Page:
A Year Ago at Shift Journal

For all its charms, the weblog platform does also bury older content for no better reason than that newer material has come along.  While we all like to feel we’re improving, whether you are writing blog posts, delivering babies, or making them yourself, you are likely not only as good or as interesting as your most recent effort.  Neither are we.

In remedy, the entries linked below are accompanied by brief summaries of their content, as it appeared here a year ago this week.


How to Speak Drakk

Writer and teacher’s aide Nightstorm uses the challenges of diversity among languages to examine privilege, and to draw parallels between the characters she writes, the autists with whom she works, and the world at large.

This is the crux of language with autistic people and typicals. Why do we struggle with learning your language, your words, your culture—but act like learning ours is some great mystery. Though it can be challenging and enigmatic, it feels like only autists bother with crossing the vastly long, shaky bridge which is communication, while those on the far side are tapping their feet waiting for us to cross it.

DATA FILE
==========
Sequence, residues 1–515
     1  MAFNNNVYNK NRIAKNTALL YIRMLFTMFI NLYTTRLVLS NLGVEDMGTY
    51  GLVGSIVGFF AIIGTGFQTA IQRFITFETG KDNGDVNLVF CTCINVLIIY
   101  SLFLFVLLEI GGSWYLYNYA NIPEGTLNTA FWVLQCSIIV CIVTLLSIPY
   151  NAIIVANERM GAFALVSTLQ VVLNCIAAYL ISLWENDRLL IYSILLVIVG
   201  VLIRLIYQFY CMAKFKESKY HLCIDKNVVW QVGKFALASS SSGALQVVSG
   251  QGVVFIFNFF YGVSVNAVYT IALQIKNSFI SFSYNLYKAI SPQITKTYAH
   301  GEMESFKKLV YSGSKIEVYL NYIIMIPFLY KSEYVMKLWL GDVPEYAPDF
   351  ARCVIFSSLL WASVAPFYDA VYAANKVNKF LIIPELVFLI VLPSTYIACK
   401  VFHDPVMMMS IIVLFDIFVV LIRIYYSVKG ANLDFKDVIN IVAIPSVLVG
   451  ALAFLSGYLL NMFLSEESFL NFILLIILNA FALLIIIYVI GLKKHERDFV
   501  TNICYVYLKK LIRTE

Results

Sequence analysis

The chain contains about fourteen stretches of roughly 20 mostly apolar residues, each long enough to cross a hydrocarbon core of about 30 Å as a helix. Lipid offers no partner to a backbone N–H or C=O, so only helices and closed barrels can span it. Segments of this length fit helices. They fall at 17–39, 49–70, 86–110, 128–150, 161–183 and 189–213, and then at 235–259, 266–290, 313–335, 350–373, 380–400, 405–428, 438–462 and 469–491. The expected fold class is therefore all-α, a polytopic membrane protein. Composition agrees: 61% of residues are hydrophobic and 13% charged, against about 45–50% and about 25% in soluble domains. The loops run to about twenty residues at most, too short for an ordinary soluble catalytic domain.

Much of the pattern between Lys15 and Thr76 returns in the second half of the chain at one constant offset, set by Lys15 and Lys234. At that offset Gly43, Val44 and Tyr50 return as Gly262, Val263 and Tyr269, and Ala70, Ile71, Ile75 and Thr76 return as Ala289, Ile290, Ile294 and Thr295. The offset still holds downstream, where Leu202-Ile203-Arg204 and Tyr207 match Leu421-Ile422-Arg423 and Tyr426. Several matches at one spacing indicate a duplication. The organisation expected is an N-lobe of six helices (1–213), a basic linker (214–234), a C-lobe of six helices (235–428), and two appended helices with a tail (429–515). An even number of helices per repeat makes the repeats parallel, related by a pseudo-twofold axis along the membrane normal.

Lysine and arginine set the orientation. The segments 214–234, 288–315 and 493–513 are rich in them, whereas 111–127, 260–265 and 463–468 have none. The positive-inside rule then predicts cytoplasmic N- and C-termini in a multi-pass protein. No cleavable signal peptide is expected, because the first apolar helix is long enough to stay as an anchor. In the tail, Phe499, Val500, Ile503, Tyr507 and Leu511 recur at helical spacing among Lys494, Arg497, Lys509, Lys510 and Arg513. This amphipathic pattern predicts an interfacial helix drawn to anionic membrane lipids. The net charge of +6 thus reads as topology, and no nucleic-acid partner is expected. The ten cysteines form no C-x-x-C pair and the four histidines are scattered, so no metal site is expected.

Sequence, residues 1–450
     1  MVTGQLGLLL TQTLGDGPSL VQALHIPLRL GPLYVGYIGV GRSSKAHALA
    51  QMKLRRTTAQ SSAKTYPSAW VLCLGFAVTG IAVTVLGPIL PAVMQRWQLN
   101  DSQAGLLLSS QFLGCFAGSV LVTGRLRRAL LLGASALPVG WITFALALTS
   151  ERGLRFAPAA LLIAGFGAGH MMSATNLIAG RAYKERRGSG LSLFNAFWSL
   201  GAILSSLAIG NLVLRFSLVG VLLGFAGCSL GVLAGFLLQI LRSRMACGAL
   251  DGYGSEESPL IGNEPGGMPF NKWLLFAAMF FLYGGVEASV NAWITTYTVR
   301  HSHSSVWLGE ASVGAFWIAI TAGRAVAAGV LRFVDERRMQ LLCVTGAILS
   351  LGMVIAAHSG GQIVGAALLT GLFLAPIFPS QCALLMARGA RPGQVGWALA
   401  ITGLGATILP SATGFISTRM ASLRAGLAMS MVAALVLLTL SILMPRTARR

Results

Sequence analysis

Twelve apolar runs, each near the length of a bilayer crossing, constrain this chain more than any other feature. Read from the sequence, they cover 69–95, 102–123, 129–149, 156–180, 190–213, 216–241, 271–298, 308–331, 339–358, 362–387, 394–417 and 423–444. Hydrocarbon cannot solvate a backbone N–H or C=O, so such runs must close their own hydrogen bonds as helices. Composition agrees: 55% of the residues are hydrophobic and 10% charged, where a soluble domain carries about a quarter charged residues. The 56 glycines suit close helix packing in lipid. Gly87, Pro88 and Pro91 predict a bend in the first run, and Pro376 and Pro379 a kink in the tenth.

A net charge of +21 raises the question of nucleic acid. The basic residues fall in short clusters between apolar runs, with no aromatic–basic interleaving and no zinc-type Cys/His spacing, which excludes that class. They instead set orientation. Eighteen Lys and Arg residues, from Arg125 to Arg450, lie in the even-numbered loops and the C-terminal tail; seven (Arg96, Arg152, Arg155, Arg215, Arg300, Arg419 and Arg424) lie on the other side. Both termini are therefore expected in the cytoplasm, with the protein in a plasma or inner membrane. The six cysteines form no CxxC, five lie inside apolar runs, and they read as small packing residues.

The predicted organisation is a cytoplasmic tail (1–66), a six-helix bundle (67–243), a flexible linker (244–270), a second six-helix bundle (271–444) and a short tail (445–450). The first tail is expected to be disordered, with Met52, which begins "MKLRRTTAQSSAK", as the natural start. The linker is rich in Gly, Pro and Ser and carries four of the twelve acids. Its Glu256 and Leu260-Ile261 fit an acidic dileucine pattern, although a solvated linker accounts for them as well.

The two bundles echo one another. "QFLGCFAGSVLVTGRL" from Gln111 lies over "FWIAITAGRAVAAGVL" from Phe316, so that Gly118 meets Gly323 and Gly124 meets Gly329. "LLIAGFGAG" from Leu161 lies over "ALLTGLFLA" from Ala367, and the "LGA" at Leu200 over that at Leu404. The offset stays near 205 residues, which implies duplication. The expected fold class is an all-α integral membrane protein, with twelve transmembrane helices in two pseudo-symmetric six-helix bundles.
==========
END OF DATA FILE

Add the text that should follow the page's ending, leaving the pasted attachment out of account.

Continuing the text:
•  Brains and Testicles

Relationships between social structure, brain size, handedness, and testicle size are considered.

Consider that with the exponential increase in autistic children, we are seeing a resurgence of individuals with no communicative impairments that are close genetic relations to people with conditions characterized by extreme maturational delay or autism. Look for unusually articulate, big-brained, big-balled, non hierarchical, artistic, left-handed pattern manipulators.

Do those with Aspergers have bigger balls?

•  Grandma, They’re Not Santa Claus!

What we are conditioned to see determines what we are able to see; one-hundred 8-year-olds turned loose on a football field; and the notion that everyone has autism revisited.

… the most recent large-scale study puts the number of diagnosably autistic 8-year-olds to be also at one in a hundred.

So.  If we represent this distribution by herding one-hundred 8-year-olds onto a football field, are we to assume that one of those kids, the 100% certifiably autistic one, ends up standing alone off to one end of the field, way down at one of the goal lines?  Reasonable enough, according to the study.  But are we to assume as well that all ninety-nine of the rest are standing shoulder-shoulder, ninety-nine yards away along the one-yard line, the as-close-to-not-at-all-autistic-as-it’s-humanly-possible-to-be line?  And that midfield, all that space in between, is wide, wide open, empty? There’s not another soul in sight who’s even just a wee bit more than occasionally autistic?  Really?

on 10/11/10 in Art/Play/Myth, featured | No Comments | Read More

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